Building Resilience to Genocide
In a policy brief for the Auschwitz Institute for Peace and Reconciliation, Dr. Deborah Mayersen outlines practical, evidence-based recommendations to build resilience to genocide in at-risk countries.
The brief highlights the importance of focusing on the local: prioritizing local perspectives in identifying and finding solutions to risk factors; paying attention and avoiding escalation in high-risk areas; and ensuring robust and sustained international and regional reactions to local escalations.
Governments of at-risk countries should be assisted rather than shunned through strong diplomatic relations, the building of deep relationships, and minimizing perceptions of threats, including to the sovereignty of the at-risk state.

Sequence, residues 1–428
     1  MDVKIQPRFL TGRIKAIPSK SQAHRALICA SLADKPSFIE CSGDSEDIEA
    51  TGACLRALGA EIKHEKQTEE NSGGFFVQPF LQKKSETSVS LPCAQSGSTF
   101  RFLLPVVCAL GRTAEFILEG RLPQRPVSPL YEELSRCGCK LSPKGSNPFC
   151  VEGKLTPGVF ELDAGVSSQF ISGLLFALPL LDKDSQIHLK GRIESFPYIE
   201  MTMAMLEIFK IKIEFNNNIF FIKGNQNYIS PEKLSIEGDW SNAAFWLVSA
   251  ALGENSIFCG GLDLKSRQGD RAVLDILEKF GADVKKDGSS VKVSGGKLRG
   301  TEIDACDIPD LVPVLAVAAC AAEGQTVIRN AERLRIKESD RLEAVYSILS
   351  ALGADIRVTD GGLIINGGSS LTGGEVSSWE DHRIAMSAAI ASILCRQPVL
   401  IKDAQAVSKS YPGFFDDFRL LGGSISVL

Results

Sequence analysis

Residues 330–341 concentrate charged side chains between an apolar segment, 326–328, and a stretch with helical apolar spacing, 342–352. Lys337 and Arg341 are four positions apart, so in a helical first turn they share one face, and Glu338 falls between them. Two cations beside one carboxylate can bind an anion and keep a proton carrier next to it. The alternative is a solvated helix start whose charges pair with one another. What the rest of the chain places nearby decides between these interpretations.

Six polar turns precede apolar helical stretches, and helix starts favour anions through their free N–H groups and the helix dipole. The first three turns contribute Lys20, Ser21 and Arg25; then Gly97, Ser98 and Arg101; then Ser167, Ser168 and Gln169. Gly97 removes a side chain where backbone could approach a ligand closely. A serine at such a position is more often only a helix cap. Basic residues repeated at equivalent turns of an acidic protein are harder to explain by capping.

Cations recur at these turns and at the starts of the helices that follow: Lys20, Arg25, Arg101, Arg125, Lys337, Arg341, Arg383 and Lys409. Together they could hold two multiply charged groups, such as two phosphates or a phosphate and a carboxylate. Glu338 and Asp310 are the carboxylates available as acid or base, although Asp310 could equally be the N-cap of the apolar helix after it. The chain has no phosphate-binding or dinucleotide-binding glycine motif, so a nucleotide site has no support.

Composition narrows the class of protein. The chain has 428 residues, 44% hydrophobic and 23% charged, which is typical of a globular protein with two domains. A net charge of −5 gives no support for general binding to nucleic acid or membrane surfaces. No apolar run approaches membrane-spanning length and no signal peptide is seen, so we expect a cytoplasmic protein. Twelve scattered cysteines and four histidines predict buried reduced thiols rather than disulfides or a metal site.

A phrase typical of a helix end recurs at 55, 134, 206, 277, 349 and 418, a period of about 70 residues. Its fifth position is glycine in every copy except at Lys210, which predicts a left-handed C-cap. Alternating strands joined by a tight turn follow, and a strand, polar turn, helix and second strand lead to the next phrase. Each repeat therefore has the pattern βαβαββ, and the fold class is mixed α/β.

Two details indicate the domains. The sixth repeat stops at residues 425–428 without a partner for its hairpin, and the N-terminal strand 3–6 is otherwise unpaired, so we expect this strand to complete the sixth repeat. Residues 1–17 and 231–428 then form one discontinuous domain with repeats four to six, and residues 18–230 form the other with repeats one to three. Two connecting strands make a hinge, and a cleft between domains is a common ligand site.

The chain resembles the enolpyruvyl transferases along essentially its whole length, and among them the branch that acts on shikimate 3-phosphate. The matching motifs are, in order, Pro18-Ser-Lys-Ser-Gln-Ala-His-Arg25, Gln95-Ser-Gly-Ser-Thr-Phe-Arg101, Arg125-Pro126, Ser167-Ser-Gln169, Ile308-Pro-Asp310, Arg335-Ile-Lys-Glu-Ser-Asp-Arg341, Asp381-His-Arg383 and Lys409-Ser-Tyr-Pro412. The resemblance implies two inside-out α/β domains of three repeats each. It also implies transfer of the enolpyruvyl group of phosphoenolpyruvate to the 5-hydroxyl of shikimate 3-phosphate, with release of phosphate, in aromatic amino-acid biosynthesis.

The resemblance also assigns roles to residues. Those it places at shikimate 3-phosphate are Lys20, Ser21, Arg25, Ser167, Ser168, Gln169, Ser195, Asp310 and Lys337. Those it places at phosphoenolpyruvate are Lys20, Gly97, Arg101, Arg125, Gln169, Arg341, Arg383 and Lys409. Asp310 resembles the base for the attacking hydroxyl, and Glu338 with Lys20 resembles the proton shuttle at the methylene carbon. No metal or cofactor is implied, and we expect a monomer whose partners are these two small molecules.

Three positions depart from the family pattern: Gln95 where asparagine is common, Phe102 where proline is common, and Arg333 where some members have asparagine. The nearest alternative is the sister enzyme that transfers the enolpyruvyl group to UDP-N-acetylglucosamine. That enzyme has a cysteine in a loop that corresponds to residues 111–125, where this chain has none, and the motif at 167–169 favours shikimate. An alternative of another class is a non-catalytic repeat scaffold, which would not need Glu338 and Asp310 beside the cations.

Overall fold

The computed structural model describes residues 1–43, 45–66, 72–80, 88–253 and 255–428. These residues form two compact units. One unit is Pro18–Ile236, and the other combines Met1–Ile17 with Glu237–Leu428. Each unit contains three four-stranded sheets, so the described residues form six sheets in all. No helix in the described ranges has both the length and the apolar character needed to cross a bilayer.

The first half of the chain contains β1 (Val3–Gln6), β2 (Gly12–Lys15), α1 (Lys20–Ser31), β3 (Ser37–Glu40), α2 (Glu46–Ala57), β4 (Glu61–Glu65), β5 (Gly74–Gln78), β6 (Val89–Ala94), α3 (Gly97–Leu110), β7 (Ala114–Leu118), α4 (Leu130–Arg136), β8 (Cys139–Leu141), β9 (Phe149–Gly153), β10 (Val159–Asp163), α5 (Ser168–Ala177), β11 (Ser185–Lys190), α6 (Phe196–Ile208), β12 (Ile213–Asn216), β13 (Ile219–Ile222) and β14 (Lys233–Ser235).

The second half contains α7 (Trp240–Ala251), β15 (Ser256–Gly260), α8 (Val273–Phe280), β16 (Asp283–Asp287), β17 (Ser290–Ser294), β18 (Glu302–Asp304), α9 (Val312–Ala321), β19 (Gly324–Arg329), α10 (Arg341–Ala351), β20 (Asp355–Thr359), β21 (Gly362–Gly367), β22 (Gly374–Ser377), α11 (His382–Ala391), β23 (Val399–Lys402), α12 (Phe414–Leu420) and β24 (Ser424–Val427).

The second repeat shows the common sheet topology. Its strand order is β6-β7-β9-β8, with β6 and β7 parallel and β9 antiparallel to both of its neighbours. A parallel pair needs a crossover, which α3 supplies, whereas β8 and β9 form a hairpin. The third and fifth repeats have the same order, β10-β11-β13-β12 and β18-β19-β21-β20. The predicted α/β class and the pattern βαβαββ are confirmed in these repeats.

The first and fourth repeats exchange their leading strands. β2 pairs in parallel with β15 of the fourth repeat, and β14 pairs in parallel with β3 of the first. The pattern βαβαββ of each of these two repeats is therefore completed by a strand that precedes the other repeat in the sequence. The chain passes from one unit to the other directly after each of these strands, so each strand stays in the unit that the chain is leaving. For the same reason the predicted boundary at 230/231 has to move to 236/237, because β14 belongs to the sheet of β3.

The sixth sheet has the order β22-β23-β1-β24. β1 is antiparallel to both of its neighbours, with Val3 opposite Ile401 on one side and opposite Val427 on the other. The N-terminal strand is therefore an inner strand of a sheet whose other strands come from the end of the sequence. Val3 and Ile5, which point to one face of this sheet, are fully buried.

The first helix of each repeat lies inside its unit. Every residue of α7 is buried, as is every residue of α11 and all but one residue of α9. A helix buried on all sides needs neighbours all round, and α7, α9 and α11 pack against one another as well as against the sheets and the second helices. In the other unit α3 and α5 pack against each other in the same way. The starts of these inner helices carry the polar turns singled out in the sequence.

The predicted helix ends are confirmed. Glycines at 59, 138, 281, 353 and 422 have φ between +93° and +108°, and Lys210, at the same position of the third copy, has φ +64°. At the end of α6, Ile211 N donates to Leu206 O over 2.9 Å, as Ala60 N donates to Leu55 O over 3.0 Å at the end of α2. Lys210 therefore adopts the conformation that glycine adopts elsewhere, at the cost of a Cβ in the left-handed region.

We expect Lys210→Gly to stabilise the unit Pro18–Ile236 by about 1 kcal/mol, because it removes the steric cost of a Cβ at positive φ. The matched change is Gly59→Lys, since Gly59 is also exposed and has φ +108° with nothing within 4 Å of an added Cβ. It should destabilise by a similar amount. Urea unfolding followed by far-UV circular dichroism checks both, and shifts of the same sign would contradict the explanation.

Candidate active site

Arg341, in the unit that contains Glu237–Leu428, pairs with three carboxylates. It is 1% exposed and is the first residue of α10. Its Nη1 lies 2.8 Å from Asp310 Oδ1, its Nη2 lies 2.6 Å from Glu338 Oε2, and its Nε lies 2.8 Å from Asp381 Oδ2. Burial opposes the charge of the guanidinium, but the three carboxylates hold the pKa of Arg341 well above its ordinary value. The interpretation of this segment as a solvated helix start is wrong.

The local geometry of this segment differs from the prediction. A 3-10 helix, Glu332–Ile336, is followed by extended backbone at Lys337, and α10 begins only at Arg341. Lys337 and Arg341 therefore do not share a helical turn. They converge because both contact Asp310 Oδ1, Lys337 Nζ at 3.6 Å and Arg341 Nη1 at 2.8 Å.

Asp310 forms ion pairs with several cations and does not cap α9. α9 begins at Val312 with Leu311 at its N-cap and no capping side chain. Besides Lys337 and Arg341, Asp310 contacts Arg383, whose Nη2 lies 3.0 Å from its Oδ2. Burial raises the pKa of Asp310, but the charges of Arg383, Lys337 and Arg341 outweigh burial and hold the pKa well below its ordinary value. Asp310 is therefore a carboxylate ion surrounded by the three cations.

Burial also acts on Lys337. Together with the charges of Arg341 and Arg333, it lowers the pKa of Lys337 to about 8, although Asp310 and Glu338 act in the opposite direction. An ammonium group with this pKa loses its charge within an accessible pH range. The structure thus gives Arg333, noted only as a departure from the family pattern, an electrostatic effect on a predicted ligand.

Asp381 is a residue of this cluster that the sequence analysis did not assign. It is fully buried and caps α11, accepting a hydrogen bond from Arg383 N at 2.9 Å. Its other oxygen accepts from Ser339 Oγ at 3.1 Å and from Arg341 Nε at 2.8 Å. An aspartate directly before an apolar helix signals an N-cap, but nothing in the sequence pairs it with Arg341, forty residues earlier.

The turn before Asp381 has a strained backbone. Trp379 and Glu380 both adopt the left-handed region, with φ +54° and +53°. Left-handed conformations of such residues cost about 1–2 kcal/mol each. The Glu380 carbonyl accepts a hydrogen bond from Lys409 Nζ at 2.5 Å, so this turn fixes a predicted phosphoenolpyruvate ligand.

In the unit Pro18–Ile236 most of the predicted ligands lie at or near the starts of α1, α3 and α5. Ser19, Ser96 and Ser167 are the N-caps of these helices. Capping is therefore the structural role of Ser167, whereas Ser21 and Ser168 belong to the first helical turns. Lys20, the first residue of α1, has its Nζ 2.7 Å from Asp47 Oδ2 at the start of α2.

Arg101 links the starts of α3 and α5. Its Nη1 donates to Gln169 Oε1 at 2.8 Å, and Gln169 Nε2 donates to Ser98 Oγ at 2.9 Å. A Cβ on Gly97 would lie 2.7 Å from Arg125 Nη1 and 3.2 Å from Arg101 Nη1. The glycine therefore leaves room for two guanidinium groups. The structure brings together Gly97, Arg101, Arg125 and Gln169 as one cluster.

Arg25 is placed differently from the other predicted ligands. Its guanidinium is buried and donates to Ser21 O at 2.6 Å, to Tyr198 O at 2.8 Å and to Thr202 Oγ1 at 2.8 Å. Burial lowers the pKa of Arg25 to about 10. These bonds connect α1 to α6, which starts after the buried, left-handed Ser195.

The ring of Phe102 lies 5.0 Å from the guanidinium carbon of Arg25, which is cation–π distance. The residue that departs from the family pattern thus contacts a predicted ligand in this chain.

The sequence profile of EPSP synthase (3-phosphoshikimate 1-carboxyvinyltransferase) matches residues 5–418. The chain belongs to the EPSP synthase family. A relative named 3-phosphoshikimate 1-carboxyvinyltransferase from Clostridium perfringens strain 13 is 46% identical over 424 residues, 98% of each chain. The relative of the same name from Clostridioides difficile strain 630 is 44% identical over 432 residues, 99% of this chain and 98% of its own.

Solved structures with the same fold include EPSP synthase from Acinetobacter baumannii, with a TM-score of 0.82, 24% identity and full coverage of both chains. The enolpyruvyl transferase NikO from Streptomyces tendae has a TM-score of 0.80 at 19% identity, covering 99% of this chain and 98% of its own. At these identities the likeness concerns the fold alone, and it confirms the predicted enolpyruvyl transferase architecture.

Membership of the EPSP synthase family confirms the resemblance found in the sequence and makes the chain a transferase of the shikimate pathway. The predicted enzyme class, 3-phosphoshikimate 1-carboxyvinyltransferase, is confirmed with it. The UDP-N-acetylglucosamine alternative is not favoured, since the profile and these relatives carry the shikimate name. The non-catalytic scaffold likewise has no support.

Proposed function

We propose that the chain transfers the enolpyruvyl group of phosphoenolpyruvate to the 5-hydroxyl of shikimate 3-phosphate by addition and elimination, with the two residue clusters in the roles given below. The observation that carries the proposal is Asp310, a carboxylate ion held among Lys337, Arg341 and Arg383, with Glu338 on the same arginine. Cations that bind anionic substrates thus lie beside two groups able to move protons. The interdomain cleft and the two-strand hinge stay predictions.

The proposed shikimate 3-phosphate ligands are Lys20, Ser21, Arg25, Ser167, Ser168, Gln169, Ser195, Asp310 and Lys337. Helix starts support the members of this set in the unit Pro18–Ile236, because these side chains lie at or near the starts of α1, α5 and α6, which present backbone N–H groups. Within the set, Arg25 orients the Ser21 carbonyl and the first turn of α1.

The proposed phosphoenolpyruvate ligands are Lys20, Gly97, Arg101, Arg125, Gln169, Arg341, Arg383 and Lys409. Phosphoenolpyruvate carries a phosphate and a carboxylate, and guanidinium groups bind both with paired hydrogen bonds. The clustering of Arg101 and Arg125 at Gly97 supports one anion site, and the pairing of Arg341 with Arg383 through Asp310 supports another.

Words and deeds matter: Bystanders, that is outside groups, should build relationships between and with vulnerable groups. Challenging potentially dangerous dominant narratives, including through digital freedom and unfettered internet access, is vital.
Finally, policy options during high-risk situations must avoid idle threats, such as identifying “red lines” and then failing to follow through with threatened action. In extreme circumstances, refugee corridors, which allow populations under threat to flee certain areas, can also be a good measure to save lives in the short term.
The policy brief demonstrates that genocide and its prevention are processes. By focusing on proven strategies to decrease risk and increase resilience, countless lives can be saved.